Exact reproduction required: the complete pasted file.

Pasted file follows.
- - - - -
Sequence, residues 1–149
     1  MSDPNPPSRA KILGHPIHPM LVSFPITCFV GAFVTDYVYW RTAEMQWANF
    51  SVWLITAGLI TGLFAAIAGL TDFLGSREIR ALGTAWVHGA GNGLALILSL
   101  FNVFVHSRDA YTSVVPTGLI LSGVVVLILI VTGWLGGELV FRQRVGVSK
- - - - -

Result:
Sequence, residues 1–149
     1  MSDPNPPSRA KILGHPIHPM LVSFPITCFV GAFVTDYVYW RTAEMQWANF
    51  SVWLITAGLI TGLFAAIAGL TDFLGSREIR ALGTAWVHGA GNGLALILSL
   101  FNVFVHSRDA YTSVVPTGLI LSGVVVLILI VTGWLGGELV FRQRVGVSK